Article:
Huang, X. Zhai, H. and Fang,Y. (2006) ‘Lightweight Robust Routing in Mobile Wireless Sensor Networks’. In proceeding of IEEE MiLCOM. October 23-25, Washington, DC, USA.

[6]

Veeraraghavan , P. and Singh, S. (2005) ’An Efficient Pre-emptive Local Route Repair for AODV’. In proceeding of IASTED NCS. April 18-20. Karbi, Thailand.

[7]

Weiss, E. Kurowski, K. Hischke, S. and Xu, B. (2003) ‘Avoiding Route Breakage in Ad Hoc

[8]

Networks using Link Prediction’. In proceeding Of IEEE ISCC. June 30 – July 3. Washington, DC, USA. Perur, S. Abhilash, P. and Iyer, S. (2002) ‘Router Handoff: A Preemptive Router Repair Strategy for AODV’. In Proceeding of IEEE ICPWC. December 15-17. New Delhi, India.

[9]

Feng, J. and Zhou, H.(2006) ’A Self-Repair Algorithm for Ad Hoc On-Demand Distance Vector Routing’. Proceeding of IEEE WiCOM. September 22-24. Wuhan University, China.

[10]

Ching, O.C. (2005) ‘Implementation of Geocast-Enhanced AODVbis Routing Protocol in MANET’, Ph.d Dissertation , universiti eknologi. Malaysia.

[11]

Sengul , C. and Kravets, R. (2006)‘ Bypass routing: An on-demand local recovery protocol for ad hoc networks’. Journal of Ad Hoc Network . Vol. 4, No. 3, pp. 380-397.

[12]

Alshanyour , A. and Baroudi, U. (2008) ‘Bypass AODV: Improving Performance of Ad Hoc On-Demand Distance Vector (AODV) Routing Protocol in Wireless Ad Hoc Networks ‘. In Proc. Of Ambu-sys. February 11-14. Quebec, Canada.

[13]

Soliman , H. and AlOtaibi, M.(2009) ‘An Efficient Routing Approach over Mobile Wireless Ad-Hoc Sensor Networks’, In Proceeding of the 6 th IEEE CCNC. January 10-13. Las Vegas, NV, USA.

[14]

Oberg, L. O and Xu, Y.(2007) ‘Prioritising bad links for fast and efficient flooding in wireless sensor networks’. In proceeding of the International Conference on Sensor Technologies and Applications. October 14-20. Valencia, Spain.

[15]

Ni, S. Tseng, Y. Chen,Y. and Sheu, J. (1999) ‘The broadcast storm problem in a mobile ad hoc network’. In proceeding of the 5th annual ACM/IEEE international conference on Mobile computing and networking. August 15-19. Seattle, Washington, USA.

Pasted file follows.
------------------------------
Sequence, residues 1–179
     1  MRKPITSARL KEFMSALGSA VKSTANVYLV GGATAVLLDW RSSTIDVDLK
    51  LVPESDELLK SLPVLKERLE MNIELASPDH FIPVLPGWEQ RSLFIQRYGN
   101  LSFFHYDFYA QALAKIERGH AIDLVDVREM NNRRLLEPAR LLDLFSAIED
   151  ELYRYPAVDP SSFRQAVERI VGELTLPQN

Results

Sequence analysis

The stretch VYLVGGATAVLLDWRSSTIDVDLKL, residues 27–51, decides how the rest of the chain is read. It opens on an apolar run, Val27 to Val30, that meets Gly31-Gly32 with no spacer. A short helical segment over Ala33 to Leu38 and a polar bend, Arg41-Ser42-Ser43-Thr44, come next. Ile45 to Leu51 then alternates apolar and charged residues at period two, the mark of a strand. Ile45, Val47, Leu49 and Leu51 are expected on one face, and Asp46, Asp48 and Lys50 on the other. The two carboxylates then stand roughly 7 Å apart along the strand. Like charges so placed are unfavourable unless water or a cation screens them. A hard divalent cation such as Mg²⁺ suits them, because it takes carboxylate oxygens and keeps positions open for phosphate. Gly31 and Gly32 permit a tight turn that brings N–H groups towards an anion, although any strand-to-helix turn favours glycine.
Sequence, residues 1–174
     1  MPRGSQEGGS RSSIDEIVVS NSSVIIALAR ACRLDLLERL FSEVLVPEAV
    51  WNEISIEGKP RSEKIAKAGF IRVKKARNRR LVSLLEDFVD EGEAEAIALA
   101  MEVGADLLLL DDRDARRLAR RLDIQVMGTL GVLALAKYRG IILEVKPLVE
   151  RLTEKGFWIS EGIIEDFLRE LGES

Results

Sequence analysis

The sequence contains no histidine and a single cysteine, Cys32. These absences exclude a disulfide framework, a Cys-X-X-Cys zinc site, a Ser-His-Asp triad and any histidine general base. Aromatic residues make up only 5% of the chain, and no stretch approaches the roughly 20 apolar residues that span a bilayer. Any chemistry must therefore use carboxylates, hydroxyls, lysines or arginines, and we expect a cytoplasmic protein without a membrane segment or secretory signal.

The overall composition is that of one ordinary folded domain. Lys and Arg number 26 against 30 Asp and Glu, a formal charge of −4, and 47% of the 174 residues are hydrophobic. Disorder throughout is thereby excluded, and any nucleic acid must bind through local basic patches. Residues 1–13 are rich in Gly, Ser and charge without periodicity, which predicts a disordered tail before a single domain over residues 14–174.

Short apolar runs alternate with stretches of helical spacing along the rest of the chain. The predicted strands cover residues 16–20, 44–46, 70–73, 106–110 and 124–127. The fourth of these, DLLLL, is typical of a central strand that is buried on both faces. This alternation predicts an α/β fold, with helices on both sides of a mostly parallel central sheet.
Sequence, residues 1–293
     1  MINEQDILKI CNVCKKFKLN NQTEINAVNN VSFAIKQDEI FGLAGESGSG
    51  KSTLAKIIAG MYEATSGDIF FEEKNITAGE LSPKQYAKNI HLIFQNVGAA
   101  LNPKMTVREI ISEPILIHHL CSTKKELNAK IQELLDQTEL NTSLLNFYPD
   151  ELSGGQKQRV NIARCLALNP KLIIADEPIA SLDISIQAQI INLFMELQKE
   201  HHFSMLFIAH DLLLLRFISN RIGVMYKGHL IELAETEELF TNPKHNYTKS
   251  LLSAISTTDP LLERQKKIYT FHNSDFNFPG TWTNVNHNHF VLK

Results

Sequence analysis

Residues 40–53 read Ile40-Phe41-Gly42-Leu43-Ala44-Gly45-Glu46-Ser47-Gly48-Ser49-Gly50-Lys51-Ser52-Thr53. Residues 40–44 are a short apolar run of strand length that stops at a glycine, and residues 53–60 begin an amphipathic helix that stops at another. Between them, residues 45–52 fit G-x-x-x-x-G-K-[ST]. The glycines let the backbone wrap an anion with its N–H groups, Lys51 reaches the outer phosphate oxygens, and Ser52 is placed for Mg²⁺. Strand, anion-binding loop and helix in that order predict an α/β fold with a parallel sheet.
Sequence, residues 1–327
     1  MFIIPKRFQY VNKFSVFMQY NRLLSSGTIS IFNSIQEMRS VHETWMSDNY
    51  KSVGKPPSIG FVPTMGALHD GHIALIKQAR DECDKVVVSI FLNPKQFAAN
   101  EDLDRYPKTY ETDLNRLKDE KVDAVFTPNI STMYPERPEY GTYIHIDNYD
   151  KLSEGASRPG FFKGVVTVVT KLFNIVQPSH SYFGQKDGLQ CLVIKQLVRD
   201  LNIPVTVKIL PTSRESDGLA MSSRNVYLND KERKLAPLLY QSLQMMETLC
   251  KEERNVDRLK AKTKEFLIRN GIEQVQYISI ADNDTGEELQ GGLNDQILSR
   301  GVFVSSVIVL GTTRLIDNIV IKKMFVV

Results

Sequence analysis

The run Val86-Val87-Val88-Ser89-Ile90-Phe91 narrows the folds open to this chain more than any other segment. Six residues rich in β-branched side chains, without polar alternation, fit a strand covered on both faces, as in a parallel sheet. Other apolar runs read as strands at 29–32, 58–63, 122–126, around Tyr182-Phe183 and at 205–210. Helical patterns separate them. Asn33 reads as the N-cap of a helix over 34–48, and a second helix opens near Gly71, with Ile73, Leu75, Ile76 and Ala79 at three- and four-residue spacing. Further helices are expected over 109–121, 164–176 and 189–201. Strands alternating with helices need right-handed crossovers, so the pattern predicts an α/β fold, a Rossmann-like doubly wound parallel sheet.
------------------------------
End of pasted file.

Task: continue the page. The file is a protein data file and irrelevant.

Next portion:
193

International Journal of Wireless & Mobile Networks ( IJWMN ), Vol.2, No.3, August 2010

[16]

Durresi, A. Paruchuri,V. K. Iyengar, S. and Kannan ,R. (2005) ‘Optimized broadcast protocol for sensor networks’. Journal of IEEE Transactions on computers, Vol. 54, No.8, pp.1013–

1024.

[17]

Miremadi, S.S. Fazeli M. Patooghy, A. and Miremadi, S.G. (2006) ‘Performance Evaluation of a

Routing Protocol for India.

wireless Sensor Networks’. In Proc. Of IEEE 3 rd WITID. Bangalore,

[18]

Shin ,T. and Yen, H.(2008) ‘Location-aware routing protocol with dynamic adaptation of request zone for mobile ad hoc networks’. Journal of Wireless Networls. Vol.14, No. 3, pp. 321-333.

[19]

Ko,Y. and Vaidya, N. (2002) ‘Flooding-Based Geocasting Protocols for Mobile Ad Hoc Networks’. In Journal of Mobile networks and Application. Vol. 7, No. 6, pp. 471-480.

[20]

Stojmenovic, I. (2004) ‘Geocasting with Guaranteed Delivery in Sensor Networks’, Journal of

IEEE Wireless Communications

Magazine. Vol. 11, No. 6, pp. 29-37.

[21]

Li , X. and Santoro, N.(2006) ‘ZONER: A ZONE-based Sensor Relocation Protocol for Mobile Sensor Networks’, In Proc. Of IEEE WLN. Nov 14-16. Tampa, FL, USA.

[22]

Karp , B. and Kung, H. (2000) ‘GPSR: Greedy Perimeter Stateless Routing for Wireless

Networks’. In Proceeding of

CM MobiCom. August 6-11. Massachusetts, Boston, USA.

[23]

He,T. Stankovic, J. A. Lu, C. and Abdelzaher,T. F. (2003) ‘SPEED: A Stateless Protocol for Real-Time communication in Sensor Networks’. In Proceeding of ICDCS . May 19-22. Providence, Rhode Island.

[24]

Ko,Y. and Vaidya, N.(2000)’Location-aided routing (LAR) in mobile ad hoc networks’. In Journal of Wireless Networks. Vol. 6, No. 4, pp. 307-321.

[25]

SENSE-3.0 (2008). Sensor Network Simulator and Emulator. Obtained through the Internet http://www.ita.cs.rpi.edu/sense/index.html [accessed 15/7/2008].

[26]

Perkins, C.E., . Royer, E.M, Das, S and Marina, M (2001) ‘Performance Comparison of Two On-Demand Routing Protocols for Ad Hoc Networks’. Journal of IEEE Personal Communications. Vol.8, No. 1, pp.16-28.

Authors

Mohammad AlOtaibi is pursuing his Ph.D in the Department of Computer Science and Engineering at New Mexico Tech. (USA). He received his M.S. in Electrical and Computer Engineering from Colorado State University (USA) and B.S. in Computer Engineering from King Fahd University of Petroleum and Minerals (Saudi Arabia). His research interests are in the fields of computer networks, heterogeneous computing, Mobile Ad-hoc Sensor Networks.

Hamdy Soliman received his B.S.in 1978, from Alexandria University (Egypt), and his M.S. in 1983 from Florida Institute of Technology, and his Ph.D. 1989 from New Mexico State University (USA), all degrees are in Computer Science. He is currently a Full Professor in the computer science department at New Mexico Tech (NMT). His research interests include neural networks application in data/image compression, fiber networks admission control, computer and networks security, wireless security and protocols.

194